The three flashpoints that will dominate Labour conference

Labour’s week in Liverpool will be dominated by Brexit, anti-Semitism, and internal party democracy. 

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Is anybody in Labour looking forward to its conference next month? With the opposition about to decamp to Liverpool, you would be hard pressed to find an MP or party staffer who answered that question in the affirmative.

Since the election of Jeremy Corbyn, conference has been a uniquely rancorous affair for the leadership and parliamentary party. This year will be no different. Most think it will be worse. Strikingly, the doomsayers include Corbynites, who one would expect to be enjoying their ascendancy.

What do they have to worry about? Corbynsceptics are in disarray, and are more often than not routed by the left in internal battles.

But the task on Merseyside will be different. The party’s forever war is now a cold one. Conference, or at least how it is covered and perceived in the press and by its warring factions, will be dominated by proxy battles. Those tasked with firefighting them identify three: Europe, anti-Semitism, and internal party democracy. Linked to each of them is the broader but more profound question of when, and why, the party might split.

Any Corbynsceptic would fiercly deny that any of these, particularly the second, are proxies for anything. But the almost certain likelihood of wrangling over all of them is going to turn conference into a pretty nightmarish affair. That John McDonnell has spent recent weeks seeking to calm moods on all three fronts underlines the damage they could do.

A scrap over Europe is inevitable. It’s often assumed that Labour’s members are defined by one quality alone: unthinking fealty to Corbyn. That’s lazy thinking at the best of times and is especially so on Brexit. Of the motions, 151 of the 272 submitted to conference by local parties concern Europe. Dozens demand a referendum on the final Brexit deal or a general election.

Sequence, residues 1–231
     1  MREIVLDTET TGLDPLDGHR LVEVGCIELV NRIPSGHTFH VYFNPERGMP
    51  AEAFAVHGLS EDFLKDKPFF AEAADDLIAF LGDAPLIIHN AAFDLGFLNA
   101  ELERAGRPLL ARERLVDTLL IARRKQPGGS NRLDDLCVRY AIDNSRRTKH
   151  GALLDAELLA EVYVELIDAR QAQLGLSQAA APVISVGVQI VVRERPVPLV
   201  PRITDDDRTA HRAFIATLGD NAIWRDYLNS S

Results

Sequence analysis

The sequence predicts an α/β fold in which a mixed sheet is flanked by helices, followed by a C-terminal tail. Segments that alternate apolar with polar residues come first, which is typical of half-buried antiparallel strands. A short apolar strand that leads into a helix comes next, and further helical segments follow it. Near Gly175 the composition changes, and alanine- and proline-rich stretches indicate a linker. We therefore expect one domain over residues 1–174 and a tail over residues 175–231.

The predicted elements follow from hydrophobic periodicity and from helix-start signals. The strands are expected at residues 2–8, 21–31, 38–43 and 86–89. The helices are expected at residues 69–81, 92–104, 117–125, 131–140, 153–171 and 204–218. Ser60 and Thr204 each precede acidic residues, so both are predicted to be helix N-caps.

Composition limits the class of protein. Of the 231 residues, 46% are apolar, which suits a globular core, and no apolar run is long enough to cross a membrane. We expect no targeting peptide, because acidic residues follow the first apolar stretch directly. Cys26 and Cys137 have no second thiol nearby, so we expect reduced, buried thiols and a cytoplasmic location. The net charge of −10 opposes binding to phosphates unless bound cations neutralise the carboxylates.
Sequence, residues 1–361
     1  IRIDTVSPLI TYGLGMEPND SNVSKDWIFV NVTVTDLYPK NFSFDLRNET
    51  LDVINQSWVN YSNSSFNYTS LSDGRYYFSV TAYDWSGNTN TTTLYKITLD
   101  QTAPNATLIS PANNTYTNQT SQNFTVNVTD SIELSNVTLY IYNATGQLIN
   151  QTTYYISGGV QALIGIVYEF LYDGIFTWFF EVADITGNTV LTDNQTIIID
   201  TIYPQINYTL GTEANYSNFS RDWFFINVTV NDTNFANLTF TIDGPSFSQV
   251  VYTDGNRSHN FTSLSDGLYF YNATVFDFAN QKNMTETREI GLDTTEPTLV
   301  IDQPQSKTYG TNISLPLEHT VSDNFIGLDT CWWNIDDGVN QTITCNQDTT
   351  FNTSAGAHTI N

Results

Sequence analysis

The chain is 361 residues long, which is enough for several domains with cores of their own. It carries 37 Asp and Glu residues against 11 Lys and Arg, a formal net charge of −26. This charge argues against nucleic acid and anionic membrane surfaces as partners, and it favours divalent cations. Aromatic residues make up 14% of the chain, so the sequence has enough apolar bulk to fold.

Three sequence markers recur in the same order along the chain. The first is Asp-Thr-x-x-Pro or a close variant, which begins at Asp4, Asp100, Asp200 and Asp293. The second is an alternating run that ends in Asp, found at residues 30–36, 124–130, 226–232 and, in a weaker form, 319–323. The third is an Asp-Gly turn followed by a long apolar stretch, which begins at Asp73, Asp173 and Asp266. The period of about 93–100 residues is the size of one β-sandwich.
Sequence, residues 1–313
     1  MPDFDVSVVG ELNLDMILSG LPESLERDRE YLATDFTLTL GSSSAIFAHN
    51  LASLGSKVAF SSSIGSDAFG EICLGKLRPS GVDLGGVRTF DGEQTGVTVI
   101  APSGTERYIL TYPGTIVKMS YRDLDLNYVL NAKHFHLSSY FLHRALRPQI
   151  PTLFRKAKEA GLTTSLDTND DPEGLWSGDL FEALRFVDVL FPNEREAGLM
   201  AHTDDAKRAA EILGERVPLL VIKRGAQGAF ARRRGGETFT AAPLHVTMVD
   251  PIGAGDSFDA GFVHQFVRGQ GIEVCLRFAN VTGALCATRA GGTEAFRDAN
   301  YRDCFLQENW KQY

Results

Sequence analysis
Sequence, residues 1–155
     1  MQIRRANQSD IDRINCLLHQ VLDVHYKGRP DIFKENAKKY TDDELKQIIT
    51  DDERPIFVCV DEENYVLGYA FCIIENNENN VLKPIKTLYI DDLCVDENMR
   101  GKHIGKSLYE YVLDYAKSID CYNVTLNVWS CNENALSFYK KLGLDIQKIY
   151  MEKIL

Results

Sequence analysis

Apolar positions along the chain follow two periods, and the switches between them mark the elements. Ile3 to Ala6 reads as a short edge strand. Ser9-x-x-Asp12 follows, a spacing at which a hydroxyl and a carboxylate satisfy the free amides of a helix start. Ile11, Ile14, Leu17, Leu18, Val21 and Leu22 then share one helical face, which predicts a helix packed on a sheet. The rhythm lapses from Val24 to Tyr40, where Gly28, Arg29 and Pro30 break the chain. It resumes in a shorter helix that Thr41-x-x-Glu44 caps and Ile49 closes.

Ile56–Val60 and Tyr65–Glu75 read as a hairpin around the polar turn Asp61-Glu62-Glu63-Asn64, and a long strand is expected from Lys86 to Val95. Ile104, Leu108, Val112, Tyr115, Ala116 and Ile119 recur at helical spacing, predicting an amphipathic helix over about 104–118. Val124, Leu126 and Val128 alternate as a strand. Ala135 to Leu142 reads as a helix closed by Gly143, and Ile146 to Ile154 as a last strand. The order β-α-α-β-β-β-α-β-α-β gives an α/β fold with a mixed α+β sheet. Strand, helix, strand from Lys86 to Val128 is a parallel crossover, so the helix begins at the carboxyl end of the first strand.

The lie of the land was similar at conference last year. Then, the leadership just about managed to negotiate an escape route. An intervention by Momentum stopped votes on grassroots motions that proposed staying in the single market and maintaining free movement of people, and saved Corbyn and Keir Starmer the embarrassment of having the party’s official line overruled.

The same trick might be pulled again, another fudge concocted (Momentum has said it will not block a conference vote this time around). The composite motion on Brexit that goes before conference might be worded capaciously enough to please everyone. But with March 2019 just nine months away, the political challenge is realer and more immediate and the fissures between the grassroots, unions, Momentum and leadership – and within them – are growing. The row will expose the fragility of the compromises Labour has managed to maintain so far, as will whatever means by which it is resolved.

More damaging publicity over anti-Semitism is also likely. Despite Labour’s decision to adopt the International Holocaust Remembrance Alliance definition in full, the row is still live and any escalation in Liverpool could push MPs further towards the exit door (a la Frank Field, who cited it as one of the triggers for his resignation of the whip last month). Last year, Corbyn was criticised after he did not attend a reception hosted by Labour Friends of Israel, as leaders before him did most years, and failed to condemn anti-Semitism specifically during his conference speech.

You might argue that these are perceived rather than real slights but even so, how the leadership is perceived to handle the anti-Semitism row is as important as the reality, regardless of how big the gap between the two is. Conference, with its hundreds of fringe events, thousands of attendees and factional tensions, presents countless potential flashpoints.

Less predictable is the shape of any row over the party’s internal democracy. Proposals to change the rules by which MPs are selected and Labour’s next leader will be chosen will be debated by the party’s ruling national executive on Saturday, conference’s first day. Other controversial proposals – such as giving members the right to select council leaders – were kicked into the long grass by the NEC yesterday. The outcome will reveal the balance of power between the two competing flanks of the Labour left: Momentum and the unions.

Broadly speaking, the former wants more power for members in selections and leadership contests, and the latter wants more for themselves. It will also tell us much about the permanence of the Corbyn revolution, and whether the party’s structures will preserve a passable route back to power for his critics. If not, MPs could see it as their cue to jump before they are pushed.

Patrick Maguire is the New Statesman's political correspondent.